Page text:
Some people, no matter how careful they are with what they eat are still unhealthy, and those who just eat whatever they want whenever they want are very healthy, like myself. Emotional over-eating is not the problem. And I would even venture to say that emotional over-eating may stem from the very thing you keep pushing at people. Mainstream beauty ideals tend to alienate more people than they include. Weight-loss ads just create more eating disorders than they help people get healthier. Contemporary western society is so food-obsessed that we’ve lost track of what food can do for us as social human beings and how we can connect to each other. People are constantly counting calories, worrying about whether what’s in their food is GMO or contains this preservative or that salt, or whether something is deemed as organic or fits in with the latest hipster trend and makes them look cool. I fear that people don’t enjoy their food anymore, that it’s become a status symbol, something to post on Facebook. I’ve heard people say “at our age, we have to leave more on our plates” when ordering at restaurants. So… what happens to the food on your plate? It gets tossed in the garbage. This just emphasizes your status as a wealthy person who can afford to order a lot of food, and then not eat it, because you’re ‘trying to keep slim.’ This makes me so angry when I see food go to waste. Food should *not* be a status symbol. In most places of the world, people eat what they can get their hands on. They cherish the food that they have available to them, because there IS nothing else. I grew up with food as a social tradition. We would gather around a feast. Food was important to keeping our culture thriving, and over-eating was a sign of respect. And we would never, ever leave food on our plates. If we couldn’t eat it all, we would put it away as leftovers for the next day, because there was a time when my family remembered having very little or nothing to eat and they didn’t want to go through that again. In South Korea, over-eating is one of the most popular things to marvel at – it has become a kind of sporty entertainment! And here in the west, we’re ‘counting calories.’ Except for the lower-income people who don’t have access to fresh produce. Could these so-called ‘food deserts‘ be the cause of obesity in the United States? These are also often in places where city folk don’t venture to go, there are no yoga studios in a lot of these lower-income regions, no soccer fields, no cooking classes. People are struggling for survival in a society that deems them under class, they don’t have time to count calories or the money to buy better food.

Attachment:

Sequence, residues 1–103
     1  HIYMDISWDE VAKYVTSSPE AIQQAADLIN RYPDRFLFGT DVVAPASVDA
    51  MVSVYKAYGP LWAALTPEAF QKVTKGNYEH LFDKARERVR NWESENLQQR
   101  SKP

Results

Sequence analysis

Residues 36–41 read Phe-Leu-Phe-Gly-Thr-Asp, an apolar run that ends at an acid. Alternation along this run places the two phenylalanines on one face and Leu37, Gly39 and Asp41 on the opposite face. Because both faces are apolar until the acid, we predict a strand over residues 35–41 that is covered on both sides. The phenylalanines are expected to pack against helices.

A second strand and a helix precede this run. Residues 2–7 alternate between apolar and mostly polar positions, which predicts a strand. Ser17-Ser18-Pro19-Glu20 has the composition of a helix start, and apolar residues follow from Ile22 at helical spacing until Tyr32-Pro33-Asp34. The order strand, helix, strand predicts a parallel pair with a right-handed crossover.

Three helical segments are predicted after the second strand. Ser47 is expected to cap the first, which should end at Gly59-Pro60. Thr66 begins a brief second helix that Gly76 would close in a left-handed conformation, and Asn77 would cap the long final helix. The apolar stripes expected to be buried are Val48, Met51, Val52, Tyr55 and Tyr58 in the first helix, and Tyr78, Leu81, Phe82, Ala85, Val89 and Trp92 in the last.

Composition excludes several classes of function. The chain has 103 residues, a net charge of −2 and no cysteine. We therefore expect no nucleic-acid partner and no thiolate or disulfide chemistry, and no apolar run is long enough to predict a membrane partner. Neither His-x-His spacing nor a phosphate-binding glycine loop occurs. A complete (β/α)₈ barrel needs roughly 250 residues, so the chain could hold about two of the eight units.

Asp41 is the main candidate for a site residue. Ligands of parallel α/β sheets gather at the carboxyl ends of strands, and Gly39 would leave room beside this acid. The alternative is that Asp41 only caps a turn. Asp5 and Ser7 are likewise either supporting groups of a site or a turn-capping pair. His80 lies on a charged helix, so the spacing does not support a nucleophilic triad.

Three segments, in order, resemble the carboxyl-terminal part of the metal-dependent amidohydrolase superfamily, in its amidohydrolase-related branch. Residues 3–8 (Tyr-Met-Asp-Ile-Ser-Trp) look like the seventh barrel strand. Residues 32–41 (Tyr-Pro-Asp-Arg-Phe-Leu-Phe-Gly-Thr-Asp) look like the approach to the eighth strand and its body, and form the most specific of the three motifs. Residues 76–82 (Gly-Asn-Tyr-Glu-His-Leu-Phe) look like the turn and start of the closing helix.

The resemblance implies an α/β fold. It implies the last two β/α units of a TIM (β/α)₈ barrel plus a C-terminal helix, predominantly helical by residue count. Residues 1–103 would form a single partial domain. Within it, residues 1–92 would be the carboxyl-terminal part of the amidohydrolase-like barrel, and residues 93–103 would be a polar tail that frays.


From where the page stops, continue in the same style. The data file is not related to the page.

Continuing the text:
“Obesity IS the cause of many illnesses our society is suffering…”

The capitalist machine has invented a fear of ‘fatness’ to sell us overly-priced food and weight-loss regimes. The capitalist machine has also invented fast food, deep fryers and over-sweetened our cereal, so that they can feed the machine, shower us with images of what we should look like and sell us back weight-loss regimes. It’s a well-thought out campaign to keep profits high and consumers feeling shitty about how they look. This is the reason why weight-loss ads earn money for web platforms like this one I went to. The manager claimed that he would like to represent diversity, but he wants to keep the website going. Yup, weight-loss ads sell, and diversity makes you no income, because it is revolutionary and counters capitalistic devices. I’m not going to disagree that a lot of excess fat in the body contributes to heart disease and limited mobility. But people get heart disease who are slimmer as well, and limited mobility can be caused be a lot of different reasons. When I was attending the first module of the yoga therapy teacher training program, the teacher, who’s also a practicing orthopedist, asked us if anyone knew what the main reason for bad knees was. A fellow student piped up, believing that obesity was the cause. He shook his head, ‘no,’ and said that’s one of the most common misconceptions. Yes, people who carry around extra weight, like myself, stress their knees more than smaller people. But that can actually create more strength in the knees, because of the pressure on the bones. Time and again, with every illness in the body, he kept referring to “too much sitting” as the most common cause of illness in our society.